“Setting” is a key word on Mostly Mystery this month, and the setting of my upcoming novel, Three May Keep a Secret, is the small town of Endurance, Illinois. Because I’ve lived in the Midwest—specifically Illinois—most of my life, I wanted to write about a place with which I’m familiar. I realize people on the East and West Coasts feel like the middle of the country is a boring place to fly over, but I find a great deal of pleasure living in this part of America in a small town.
I chose the name “Endurance” because I wanted to acknowledge both the past and present of my little town. Hardy Presbyterian stock settled this small town by traveling through all kinds of hazards and difficult terrain. Despite the tiny origins of the town in the 1830s, more and more settlers arrived and endured harsh winters and the usual difficulties with starting a new life.
“Endurance” also describes the strong heroine of my novel. Grace Kimball has survived some terrible life experiences that have only made her stronger. A fire in college killed her roommates and left a scar on her hand to remind her, but she survived. Her husband died in his thirties of an unexpected heart attack, leaving her to raise three children alone. But she survived and endured.
The town has institutions that—typical of the Midwest—arise from its name. We see the Endurance Historical Society, Endurance High School, the Endurance Public Library, Endurance College, the First National Bank of Endurance, and the town’s newspaper, the Endurance Register.
Next, it is important to populate the town with various stores and places well known to Endurance’s residents. I chose some of the street names because of their sounds. Grace and Roger’s home is on Sweetbriar Court. Another street name I liked that I heard on the news is Tanglefoot Road. That is on my “must” list, along with Main Street.
I came up with various names for businesses in Endurance. Many of the scenes take place at a local sports bar named “Tully’s.” Bill Tully owns the restaurant/bar and named it for himself for a number of reasons that become obvious in the plot. Other names I chose because of their sounds. These would include Patsy’s Pub and Dirty Dave’s (a bar where a main character works.) Downtown you’ll visit the Café on the Square, Little People’s Day Care Center, Gimble’s Paint and Wallpaper Store, and Harlow’s Book Store. I did have a bit of fun with the last stop for most people: The Homestretch Funeral Home. The cemetery outside town, where many of the early founders are buried, is called the Shady Meadows Cemetery. It needs to have a welcoming name.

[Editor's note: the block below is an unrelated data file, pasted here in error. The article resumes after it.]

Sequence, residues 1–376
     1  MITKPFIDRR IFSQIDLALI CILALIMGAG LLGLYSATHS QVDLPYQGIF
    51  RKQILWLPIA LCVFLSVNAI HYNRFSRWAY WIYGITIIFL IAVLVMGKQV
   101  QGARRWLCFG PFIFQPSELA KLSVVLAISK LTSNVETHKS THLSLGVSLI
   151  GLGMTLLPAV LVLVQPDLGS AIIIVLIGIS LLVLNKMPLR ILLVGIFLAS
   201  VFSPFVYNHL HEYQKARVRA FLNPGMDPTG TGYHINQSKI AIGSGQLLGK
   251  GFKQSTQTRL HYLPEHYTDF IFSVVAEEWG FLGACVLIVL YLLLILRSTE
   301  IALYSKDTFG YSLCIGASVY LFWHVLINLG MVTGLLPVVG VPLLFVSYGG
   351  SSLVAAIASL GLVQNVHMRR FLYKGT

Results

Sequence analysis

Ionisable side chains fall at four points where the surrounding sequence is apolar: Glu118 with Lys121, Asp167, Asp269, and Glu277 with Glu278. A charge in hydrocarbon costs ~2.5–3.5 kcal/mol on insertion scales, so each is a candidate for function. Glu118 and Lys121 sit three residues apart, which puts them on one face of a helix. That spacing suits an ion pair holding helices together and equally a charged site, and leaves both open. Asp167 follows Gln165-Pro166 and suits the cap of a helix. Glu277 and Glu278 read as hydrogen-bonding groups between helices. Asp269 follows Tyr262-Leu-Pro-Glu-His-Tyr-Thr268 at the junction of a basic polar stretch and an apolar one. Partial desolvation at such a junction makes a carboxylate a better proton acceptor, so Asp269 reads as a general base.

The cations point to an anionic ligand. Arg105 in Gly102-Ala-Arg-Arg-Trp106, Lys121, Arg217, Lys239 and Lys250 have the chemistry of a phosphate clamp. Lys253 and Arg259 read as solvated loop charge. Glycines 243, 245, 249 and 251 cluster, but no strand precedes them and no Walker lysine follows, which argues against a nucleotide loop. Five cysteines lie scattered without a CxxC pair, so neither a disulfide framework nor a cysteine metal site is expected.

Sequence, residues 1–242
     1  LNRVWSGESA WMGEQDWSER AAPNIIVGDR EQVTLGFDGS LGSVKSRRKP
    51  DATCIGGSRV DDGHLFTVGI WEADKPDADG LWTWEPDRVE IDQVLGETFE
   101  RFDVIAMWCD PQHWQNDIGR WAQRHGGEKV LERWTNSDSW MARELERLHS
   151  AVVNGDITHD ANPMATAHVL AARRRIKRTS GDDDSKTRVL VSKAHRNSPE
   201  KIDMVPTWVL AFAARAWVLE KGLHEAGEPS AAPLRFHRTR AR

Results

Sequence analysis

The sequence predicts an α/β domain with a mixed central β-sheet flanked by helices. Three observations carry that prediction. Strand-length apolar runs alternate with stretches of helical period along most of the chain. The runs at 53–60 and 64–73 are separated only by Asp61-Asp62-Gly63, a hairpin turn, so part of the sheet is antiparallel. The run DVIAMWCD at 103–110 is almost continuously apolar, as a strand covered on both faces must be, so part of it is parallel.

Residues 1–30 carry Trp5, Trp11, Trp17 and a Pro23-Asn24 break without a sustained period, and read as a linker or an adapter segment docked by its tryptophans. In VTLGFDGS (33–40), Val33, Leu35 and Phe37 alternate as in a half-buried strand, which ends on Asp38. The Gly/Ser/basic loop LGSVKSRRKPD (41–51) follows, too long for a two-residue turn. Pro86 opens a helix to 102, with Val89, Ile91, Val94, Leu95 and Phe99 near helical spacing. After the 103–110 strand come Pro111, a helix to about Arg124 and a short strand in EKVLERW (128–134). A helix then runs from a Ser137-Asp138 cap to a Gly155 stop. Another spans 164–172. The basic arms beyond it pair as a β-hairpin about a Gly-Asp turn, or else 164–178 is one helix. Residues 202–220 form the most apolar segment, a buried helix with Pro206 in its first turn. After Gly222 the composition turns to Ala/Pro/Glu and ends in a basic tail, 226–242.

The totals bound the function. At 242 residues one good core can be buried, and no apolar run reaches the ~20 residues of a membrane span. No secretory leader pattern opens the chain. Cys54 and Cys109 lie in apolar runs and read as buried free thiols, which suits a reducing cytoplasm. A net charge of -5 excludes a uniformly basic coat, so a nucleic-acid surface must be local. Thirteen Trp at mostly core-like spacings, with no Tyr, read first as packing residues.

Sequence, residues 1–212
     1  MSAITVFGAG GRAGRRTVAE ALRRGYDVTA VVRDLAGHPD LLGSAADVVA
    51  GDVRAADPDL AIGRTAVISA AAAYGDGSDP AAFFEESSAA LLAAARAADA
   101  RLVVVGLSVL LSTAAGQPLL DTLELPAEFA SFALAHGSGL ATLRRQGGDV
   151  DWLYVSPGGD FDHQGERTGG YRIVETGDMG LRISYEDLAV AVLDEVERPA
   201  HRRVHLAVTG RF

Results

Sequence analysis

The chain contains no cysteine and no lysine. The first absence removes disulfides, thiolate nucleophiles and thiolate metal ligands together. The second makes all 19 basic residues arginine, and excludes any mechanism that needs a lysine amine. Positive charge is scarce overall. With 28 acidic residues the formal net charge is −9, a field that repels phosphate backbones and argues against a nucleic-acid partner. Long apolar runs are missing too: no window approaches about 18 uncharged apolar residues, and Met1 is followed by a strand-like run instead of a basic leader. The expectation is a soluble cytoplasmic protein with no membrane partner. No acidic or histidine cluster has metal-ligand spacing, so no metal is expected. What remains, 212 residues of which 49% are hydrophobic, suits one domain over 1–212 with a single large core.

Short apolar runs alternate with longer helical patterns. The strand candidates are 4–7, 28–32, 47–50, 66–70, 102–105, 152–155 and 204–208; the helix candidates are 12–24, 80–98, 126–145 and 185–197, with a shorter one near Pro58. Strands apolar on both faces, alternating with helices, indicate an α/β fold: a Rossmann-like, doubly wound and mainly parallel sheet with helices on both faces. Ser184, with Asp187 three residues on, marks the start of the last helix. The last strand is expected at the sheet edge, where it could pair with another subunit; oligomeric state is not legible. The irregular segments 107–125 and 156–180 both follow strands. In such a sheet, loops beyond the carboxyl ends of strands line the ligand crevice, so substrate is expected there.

At one point in Three May Keep a Secret, I needed to come up with some place names for Indianapolis, Indiana. Grace Kimball grew up there and went to college in her home town. I needed a name for the college and the street Grace lived on. So I researched the history of Indianapolis and discovered Benjamin Harrison, grandson of William Henry Harrison, became president in 1889. Grace’s college became Benjamin Harrison College (BHC). During Indiana’s territorial days, General Anthony Wayne was an Indian fighter. So I named Grace’s street Wayne Avenue. I also found the name of a small town in Indiana and a small town in Illinois that were the homes of Grace’s roommates in college. I envisioned them coming from small towns.
Endurance is a small town (population 15,000) but I created other towns in the surrounding area. The largest town is Woodbury and many of Endurance’s inhabitants go there for additional shopping and services they can’t find in Endurance. Other small towns in the area include Charlotte and Lexington, towns with fire departments who have reciprocal agreements with Endurance.
Currently, I’m working on a second book in the Endurance series. I have even more work with this book because, besides creating Endurance in the current day, I also am going back in time to the town in 1893. It takes a great deal of research to figure out where buildings and train tracks and institutions would have been back then, and what they have turned into in the present day. Going back and forth between plots will be made easier by the setting because some of the places in the town will be mentioned in each plot. In the present day, for example, the train depot no longer exists except in photographs. But in 1893, it was a beautiful piece of architecture that my character describes as she gets on a train for the Chicago World’s Fair.
Setting is extremely important in my books. All of these places exist only in my imagination, but they are important factors in the lives of my characters and the plots of my novels.